On Tuesday, February 13, 2018, I wrote, "[I]n 1840 more than 1400 sailing ships were recorded as having passed through Ocracoke Inlet." A reader left this comment: "With all those ships making ports of call somebody-- slaves? had to unload them, right?"
Although there was a slave population on Ocracoke (Federal Census records for Ocracoke show that the
island’s slave population hovered between 16 and 156 individuals from 1790 to 1860), most of the loading and unloading of ships took place on Shell Castle, a small shell island between Ocracoke and Portsmouth. Shell Castle was developed by entrepreneurs John Blount (he owned 74 slaves) and John Wallace in 1789. In 1810, 22 slaves were living on Shell Castle Island. They worked as clerks, stevedores, laborers, sailors, fishermen, and domestics.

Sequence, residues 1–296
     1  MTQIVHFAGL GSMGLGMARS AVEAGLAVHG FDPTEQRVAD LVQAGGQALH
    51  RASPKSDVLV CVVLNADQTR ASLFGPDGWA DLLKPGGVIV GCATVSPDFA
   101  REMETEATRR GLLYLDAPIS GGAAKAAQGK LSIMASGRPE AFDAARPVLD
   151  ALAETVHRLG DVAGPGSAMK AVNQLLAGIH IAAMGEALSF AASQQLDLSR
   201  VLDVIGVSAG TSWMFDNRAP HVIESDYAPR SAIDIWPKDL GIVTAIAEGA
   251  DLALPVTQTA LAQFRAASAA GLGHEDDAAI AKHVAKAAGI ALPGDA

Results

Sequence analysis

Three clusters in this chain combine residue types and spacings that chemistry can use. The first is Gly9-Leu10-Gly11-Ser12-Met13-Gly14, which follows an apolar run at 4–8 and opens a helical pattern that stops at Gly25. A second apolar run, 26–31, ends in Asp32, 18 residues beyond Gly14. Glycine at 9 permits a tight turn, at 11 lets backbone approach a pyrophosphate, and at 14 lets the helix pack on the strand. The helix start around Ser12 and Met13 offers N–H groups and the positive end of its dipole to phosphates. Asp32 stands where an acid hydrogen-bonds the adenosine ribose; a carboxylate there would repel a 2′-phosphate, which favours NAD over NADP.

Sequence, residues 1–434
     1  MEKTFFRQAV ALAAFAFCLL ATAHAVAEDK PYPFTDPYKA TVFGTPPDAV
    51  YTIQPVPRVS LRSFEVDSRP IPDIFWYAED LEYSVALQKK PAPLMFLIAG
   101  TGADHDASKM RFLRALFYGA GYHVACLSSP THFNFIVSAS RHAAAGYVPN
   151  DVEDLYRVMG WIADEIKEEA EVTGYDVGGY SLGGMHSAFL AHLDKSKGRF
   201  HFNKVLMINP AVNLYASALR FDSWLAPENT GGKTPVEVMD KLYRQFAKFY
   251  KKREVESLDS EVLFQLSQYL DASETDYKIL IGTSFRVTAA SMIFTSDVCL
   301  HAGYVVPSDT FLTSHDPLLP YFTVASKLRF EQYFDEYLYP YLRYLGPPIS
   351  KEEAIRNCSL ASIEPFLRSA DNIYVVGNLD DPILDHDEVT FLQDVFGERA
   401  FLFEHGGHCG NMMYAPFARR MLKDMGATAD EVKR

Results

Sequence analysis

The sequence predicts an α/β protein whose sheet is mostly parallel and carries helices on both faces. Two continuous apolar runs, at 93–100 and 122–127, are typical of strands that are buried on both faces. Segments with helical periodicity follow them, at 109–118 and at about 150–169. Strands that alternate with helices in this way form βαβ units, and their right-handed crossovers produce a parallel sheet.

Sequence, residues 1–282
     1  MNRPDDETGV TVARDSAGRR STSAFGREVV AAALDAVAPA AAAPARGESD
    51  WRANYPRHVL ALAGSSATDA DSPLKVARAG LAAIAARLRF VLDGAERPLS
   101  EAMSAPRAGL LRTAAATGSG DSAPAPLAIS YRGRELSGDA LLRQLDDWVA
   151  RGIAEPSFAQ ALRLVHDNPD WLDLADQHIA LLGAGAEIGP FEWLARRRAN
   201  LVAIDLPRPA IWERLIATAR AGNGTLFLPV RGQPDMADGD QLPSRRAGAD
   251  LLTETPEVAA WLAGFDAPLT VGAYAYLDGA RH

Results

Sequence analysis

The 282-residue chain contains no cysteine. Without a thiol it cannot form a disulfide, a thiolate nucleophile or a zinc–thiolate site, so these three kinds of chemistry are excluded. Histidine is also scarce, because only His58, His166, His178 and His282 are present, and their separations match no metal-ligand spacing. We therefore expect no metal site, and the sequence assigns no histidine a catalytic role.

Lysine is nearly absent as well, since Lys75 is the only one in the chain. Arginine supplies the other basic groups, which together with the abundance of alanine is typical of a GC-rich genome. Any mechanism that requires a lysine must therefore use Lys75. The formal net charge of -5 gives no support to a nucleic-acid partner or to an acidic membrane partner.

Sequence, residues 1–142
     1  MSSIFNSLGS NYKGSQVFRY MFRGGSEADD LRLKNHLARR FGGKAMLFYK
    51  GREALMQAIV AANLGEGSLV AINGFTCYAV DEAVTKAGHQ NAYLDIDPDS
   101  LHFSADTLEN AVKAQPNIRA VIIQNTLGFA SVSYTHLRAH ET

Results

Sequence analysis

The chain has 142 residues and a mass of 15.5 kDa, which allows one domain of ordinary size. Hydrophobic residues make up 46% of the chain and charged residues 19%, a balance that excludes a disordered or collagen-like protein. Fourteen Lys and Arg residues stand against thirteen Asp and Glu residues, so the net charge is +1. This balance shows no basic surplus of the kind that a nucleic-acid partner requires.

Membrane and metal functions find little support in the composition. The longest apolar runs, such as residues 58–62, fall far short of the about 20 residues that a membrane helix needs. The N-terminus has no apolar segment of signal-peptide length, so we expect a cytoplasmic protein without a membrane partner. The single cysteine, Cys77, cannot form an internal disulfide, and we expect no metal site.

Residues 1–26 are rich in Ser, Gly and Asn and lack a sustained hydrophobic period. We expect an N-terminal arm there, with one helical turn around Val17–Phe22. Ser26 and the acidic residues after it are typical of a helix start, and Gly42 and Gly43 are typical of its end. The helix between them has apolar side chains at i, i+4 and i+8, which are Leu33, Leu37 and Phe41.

You can read more about slavery on Ocracoke here: https://www.villagecraftsmen.com/slavery-on-ocracoke/.
Our latest Ocracoke Newsletter, a newspaper article published in 1923
titled "Quaintest Town in America," provides a fascinating glimpse of
Ocracoke Island life a
century ago. You can read it here: